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Alex shares the story behind his Band 7.5

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Alex Umeanozie is a 26 year-old man from Nigeria who took the IELTS test and got a 7.5 Overall Band Score. He didn’t have much time to prepare, only two weeks, because taking the exam was required for his scholarship application. As one of the winners of our monthly IELTS results competition, we asked Alex to share some tips with future test takers. Here is what he said:

Band 7.5 in IELTSSpeaking Test

I thought the Speaking Test would be the most challenging for me, as I am quite a shy guy. But before the test I got to know all about the speaking part and what was expected from the candidate. It is important to keep in mind that the examiner only cares about how you communicate in English and not whether your answers are right or wrong. This gave me a lot of confidence. So I spoke to the examiner as I would speak to a colleague in an everyday scenario. I scored 7.5 in the speaking test.

Listening Test

The listening test was by far the most comfortable for me. It requires a lot of practice, in a way of doing some listening exercises. Answer the questions as you listen, as the recording won’t be repeated a second time. If you miss a part of the recording, don’t panic, move on with the conversation and answer the next questions accordingly. My score in the listening test was 8.0.

Reading Test

The reading test consists of some passages. You don’t have to read the whole passage. My technique is to go to the question first, then look for the answer in the passage. The first sentence in each paragraph is the topic sentence and tells what the whole paragraph is about. My score in the reading test was 7.0.

Writing Test

I think writing was the most challenging for me. There are two tasks, the first has to do with how well you are able to analyse a given chart, diagram, table, etc and it carries less marks than the second task. You should study the chart carefully and build your paragraphs clearly. Ensure you know what is required for each question to avoid deviating from the topic.”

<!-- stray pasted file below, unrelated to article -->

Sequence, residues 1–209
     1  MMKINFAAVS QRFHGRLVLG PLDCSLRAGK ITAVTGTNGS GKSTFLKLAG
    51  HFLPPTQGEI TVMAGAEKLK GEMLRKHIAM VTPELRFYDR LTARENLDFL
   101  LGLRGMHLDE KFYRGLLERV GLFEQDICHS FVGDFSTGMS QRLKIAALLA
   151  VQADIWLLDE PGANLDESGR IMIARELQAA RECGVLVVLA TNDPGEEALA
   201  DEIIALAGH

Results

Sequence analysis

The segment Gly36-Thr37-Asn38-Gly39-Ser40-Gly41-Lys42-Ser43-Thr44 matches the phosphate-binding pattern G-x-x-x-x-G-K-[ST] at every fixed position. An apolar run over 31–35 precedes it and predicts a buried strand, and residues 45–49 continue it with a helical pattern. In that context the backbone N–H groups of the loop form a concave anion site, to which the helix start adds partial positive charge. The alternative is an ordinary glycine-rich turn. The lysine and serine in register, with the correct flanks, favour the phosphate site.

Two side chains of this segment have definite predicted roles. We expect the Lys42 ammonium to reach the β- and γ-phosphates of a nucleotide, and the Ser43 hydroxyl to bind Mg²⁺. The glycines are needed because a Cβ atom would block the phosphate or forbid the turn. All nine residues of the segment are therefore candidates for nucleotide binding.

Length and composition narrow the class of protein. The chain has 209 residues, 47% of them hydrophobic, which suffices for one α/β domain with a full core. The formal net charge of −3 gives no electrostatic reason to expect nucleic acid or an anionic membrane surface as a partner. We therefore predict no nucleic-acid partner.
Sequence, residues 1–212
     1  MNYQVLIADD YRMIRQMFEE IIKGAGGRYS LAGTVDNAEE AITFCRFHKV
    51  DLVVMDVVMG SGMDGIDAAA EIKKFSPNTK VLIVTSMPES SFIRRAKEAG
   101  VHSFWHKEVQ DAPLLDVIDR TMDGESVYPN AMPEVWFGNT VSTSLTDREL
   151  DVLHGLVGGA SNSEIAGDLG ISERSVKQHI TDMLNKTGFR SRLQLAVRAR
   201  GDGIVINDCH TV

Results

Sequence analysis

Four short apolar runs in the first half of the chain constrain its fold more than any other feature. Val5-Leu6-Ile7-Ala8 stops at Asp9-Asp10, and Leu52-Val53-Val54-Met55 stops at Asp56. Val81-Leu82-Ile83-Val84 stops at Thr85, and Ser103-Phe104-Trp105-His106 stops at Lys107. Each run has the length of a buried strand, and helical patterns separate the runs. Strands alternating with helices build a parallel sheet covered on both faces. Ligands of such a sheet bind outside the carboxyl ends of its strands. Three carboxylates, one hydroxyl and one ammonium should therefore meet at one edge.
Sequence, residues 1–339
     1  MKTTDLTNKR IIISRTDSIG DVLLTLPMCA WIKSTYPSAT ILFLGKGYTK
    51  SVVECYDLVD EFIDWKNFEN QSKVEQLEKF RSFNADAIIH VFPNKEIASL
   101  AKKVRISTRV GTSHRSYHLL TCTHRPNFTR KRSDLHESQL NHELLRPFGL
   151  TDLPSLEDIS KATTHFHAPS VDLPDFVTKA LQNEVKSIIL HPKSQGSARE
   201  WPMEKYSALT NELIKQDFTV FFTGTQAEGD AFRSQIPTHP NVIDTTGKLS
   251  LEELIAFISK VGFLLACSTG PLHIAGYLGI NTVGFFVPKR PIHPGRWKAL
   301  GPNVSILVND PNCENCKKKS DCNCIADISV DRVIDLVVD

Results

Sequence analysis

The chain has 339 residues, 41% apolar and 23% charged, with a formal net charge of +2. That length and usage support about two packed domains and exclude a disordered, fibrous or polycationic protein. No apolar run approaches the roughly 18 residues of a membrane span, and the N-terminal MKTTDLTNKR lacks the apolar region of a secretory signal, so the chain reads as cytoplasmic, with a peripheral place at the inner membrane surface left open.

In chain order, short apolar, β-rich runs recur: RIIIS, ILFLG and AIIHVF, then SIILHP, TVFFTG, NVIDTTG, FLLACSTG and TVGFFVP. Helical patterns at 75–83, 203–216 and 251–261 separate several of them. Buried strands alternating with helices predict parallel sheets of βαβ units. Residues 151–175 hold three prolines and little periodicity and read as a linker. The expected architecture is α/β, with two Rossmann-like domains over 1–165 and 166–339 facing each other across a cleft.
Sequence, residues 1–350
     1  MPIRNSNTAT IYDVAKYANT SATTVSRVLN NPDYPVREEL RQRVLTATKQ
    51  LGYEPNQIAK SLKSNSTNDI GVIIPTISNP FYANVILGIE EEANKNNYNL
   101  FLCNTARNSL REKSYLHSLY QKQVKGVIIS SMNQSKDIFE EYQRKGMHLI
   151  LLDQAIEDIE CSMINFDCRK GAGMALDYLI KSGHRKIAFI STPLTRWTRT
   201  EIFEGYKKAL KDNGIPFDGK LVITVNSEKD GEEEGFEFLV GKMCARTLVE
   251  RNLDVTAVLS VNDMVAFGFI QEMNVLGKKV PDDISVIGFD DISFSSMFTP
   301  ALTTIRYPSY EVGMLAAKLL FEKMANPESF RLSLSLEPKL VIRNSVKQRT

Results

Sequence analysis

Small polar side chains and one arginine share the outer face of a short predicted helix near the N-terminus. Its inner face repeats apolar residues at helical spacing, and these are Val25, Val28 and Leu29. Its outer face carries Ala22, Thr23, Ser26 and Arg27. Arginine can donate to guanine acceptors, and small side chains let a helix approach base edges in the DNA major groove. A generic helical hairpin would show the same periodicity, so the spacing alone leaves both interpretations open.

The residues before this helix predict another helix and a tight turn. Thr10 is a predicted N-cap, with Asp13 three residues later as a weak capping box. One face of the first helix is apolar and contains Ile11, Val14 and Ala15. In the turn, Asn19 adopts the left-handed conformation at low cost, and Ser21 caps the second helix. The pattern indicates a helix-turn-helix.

A few practical tips from Wai who scored 7.5 in IELTS

Wai Hong Tan is 26 years old; he lives in Malaysia and speaks Chinese. Wai isn’t a native English speaker – in fact, he doesn’t even speak English regularly. This, however, didn’t stop him from getting an Overall Band Score of 7.5 in IELTS and winning in our monthly IELTS results competition. Here are a few tips he shared that may help other test takers score higher:

Band 7.5 in IELTS“I am not a native English speaker and I hardly speak in English at all in my state. However, I have my pride in my writing skills as I would frequently win the competitions in which I participated. Getting a 7.5 surprised me, not because it is good, but because I expected more, especially in the writing section. I am quite sure I made no grammatical errors at all in writing, and I met the word limits. Here is my advice to do better in IELTS:

1. Writing: Avoid grammatical errors, do not exceed the word limit by more than 10%, and try NOT to use too many bombastic words (which is one of my tendencies, as I like to include words like VENTRIPOTENT CONCUPISCENCE and MELLIFLUOUS MAGNILOQUENCE), and most importantly, try to make it content-rich and cohesive (this could be one of my weaknesses). Additionally, I think I wrote something like ‘Apropos of this statement, I am in consummate discord/accord with it’ and I am not quite sure if this is accepted as a correct sentence in the eyes of the examiners, so it is best to avoid.

2. Speaking: The MOST important part is DO NOT GET STRESSED. I know it is impossible not to have butterflies in the stomach at all, but the best thing to do in this part is to think of it as a casual conversation with the examiner, and try not to show too much tension. Speak as much as you can, avoid errors if possible, and correct yourself whenever you realize you made a mistake.

3. Reading: This part is quite hard for us. I noticed many test takers could not complete the paper in time (they were trying to write even though the time was already out), probably due to the lengthy and complex texts in the paper. I myself did not do particularly well in this section but I think I would be able to do better by first reading the questions (rather than the text first) and focusing on what the questions ask. This component is indeed the most challenging race against time.

4. Listening: For most candidates I think this may either be the easiest or hardest part. Firstly, read the instructions (the number of words required) and the questions, and try waiting for the recording to reach the point of possible answers. In case you miss the part and the recording moved on to another question, leave the first question and try to fill it in with possible words later (better than to leave it blank).

I wish this would be of some help to the other IELTS candidates. Good luck with scoring Band 8+ :)



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